The truth about Wentworth noone’s willing to admit
LAST weekend, I went to the park and not the polling booth.
I watched weekend visitors to Parramatta Park sharing the public barbecue between their shwarmas, chicken Tikkas, and good old Aussie snags.
While keeping an eye on their kids on the playground, folks generously exchanged food across backgrounds, and politely complimented each other's cooking. As things wrapped up, a lady in a sari, another in a hijab, and red-bearded lad with Eels stubby shorts and full-sleeve tatts cleaned up the hotplate for the next lot of punters.
Here in West-worth, rather than Wentworth, we're generally nice and normal. We're about getting along and getting ahead.
The way we live shows how out of touch much of the commentary about the recent by-election was and why our pollies should ignore it.
Indeed, new records were set for oxygen-free ascents to the highest heights of hyperbole. Competitor commentators poured out paragraph after paragraph about winners and losers, factions, and this interest versus that intrigue.
One proclaims that the Liberal base is in revolt, or that the party is even dead - even though about 20,000 people in one small part of Australia actually changed their vote. Another announces that the certain defeat of the Government at the next election - even though he has no access to any marginal seat polling and may not have noticed that Rose Bay is different to Rockhampton.
Others say Kerryn Phelps' victory shows the need for "more progressive" (whatever that means) policies about Nauru or climate change - even though neither of those issues is now or has been in the top 10 of polled community concerns for more than 10 years.
It's unaccountable. It distorts for convenience rather than distils for clarity. It inaccurately generalises from the specific. It's utter bollocks and it's dangerously skewing our politics.
When a senior ABC journo sings political satire on The Insiders, we're hearing the death throes of mature analysis to inform public discourse.
The rotten replacement is a new political entertainment industry with its own Kim Kardashian's of the left and Lady Gaga's of the right. When it's all about superficialities, it becomes OK for tone to count more than ideas, and to simplify each issue down to some "good guys versus bad guys" scene.
The truth is simpler, but it's not convenient. As far as by-elections go, Wentworth was part of the trend of recent times. People tend to strongly vote against sitting governments. Ho hum. But that's too dull a yarn.
And, the truth is that there is no empirical evidence of a situation where a single issue has substantially changed people's votes in several generations of Australian politics. But that doesn't suit the narrative.
How quickly did we forget that the swing against the NSW Government in the September Wagga Wagga by-election (where there was no leadership change or specific local issue in play) was greater than the Wentworth swing in October.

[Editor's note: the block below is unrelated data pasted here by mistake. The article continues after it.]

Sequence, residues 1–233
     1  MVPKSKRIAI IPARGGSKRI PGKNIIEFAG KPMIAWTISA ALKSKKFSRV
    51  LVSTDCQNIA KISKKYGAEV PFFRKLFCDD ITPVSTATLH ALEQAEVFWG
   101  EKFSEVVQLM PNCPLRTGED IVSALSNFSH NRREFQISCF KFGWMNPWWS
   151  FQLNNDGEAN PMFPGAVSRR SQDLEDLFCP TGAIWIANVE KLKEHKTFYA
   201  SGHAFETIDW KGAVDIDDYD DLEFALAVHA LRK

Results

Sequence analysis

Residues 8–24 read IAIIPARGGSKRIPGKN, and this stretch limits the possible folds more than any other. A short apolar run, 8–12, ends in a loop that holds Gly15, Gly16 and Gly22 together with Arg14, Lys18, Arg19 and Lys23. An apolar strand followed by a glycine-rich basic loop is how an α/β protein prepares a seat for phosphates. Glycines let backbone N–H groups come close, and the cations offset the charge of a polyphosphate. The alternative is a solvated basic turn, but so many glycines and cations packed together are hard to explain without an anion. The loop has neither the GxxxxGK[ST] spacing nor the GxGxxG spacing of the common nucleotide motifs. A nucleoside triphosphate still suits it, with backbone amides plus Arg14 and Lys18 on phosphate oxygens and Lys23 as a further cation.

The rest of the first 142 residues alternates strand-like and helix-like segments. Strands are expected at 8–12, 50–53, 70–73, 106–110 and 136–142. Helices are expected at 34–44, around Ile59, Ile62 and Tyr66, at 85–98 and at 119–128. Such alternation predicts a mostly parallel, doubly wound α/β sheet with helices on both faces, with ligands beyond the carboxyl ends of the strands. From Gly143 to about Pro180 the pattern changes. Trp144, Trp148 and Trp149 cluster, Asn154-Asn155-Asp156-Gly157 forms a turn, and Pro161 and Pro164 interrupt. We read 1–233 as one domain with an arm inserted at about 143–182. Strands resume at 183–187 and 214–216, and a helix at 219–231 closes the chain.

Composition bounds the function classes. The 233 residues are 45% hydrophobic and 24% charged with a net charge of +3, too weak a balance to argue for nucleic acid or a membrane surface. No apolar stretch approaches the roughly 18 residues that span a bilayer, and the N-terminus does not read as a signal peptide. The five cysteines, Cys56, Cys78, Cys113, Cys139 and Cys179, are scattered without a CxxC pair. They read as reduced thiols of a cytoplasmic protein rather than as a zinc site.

From election to election, the boring but reassuring reality is that Australians vote practically and tactically, and that's increasing. They take the job interview approach. Is the job applicant competent, stable and decent? Do they have a track-record of getting the job done? Will they stick around? Will they be honest and treat their co-workers respectfully?
It's our default setting - pragmatism and resilience - that defines life in western Sydney and otherwise, and helps us peaceably live and work with each other across vast cultural differences.
Our everyday experience is totally different from much of the confected conflict we read and hear about in media terms - be it about politics, gender or religion. As our pollies buy in to such fake fights, they said good bye to many in the community.
Having watched not only public barbecues but a fair few focus groups, I guarantee you that the following would draw blank faces or be dismissed by the majority of real-world folks: identity politics, the patriarchy, the Paris Agreement, neo-conservative, social justice warrior, Gonski, the location of Australian embassies, and the list goes on.
As campaign expert Andrew Laidlaw told me this week: "When our politicians play out media conflicts that don't exist on Australia's suburban streets, they forget their core promise to their voters. No wonder voters aren't paying attention when they are still dealing with the same issues they were 11 years ago."
They're too busy to care and they don't need to care because it's not useful. They're figuring out how to pick the kids up from school on time. They're looking for a nice present for the niece's wedding and whether the groom is a d*ckhead or not. They're studying mortgage rates and Sydney property prices, and whether it's good or bad for them.
They're building cool small businesses, saving money by shopping on e-bay and Gumtree, and achieving the highest degree of education in the world's history - while all the time debating whether the Honey Badger did or didn't do the right thing.
Unlike the loudest of the shouting class, the punters aren't expecting great statesmen or ideological warriors, but just that those they voted for turn up for work and do their best. They're not holding out for grand visions, but just that their voices in favour of decent services and infrastructure are heard and acted on.
And, even better, if there's a bit of a break thrown in too from cost of living pressures. (An incredible 2.3 million people in NSW have now voted with their forms and claimed a car insurance refund of up to $120 bucks.)
So, while those who spin do their spinning, there's really only one clear lesson out of the Wentworth by-election for our politicians. The people of Western Sydney don't live there and didn't vote there.
Pete Shmigel was an advisor to five Ministers and Shadow Ministers, two Leaders of the Opposition, and two Premiers. He is now CEO of an industry association.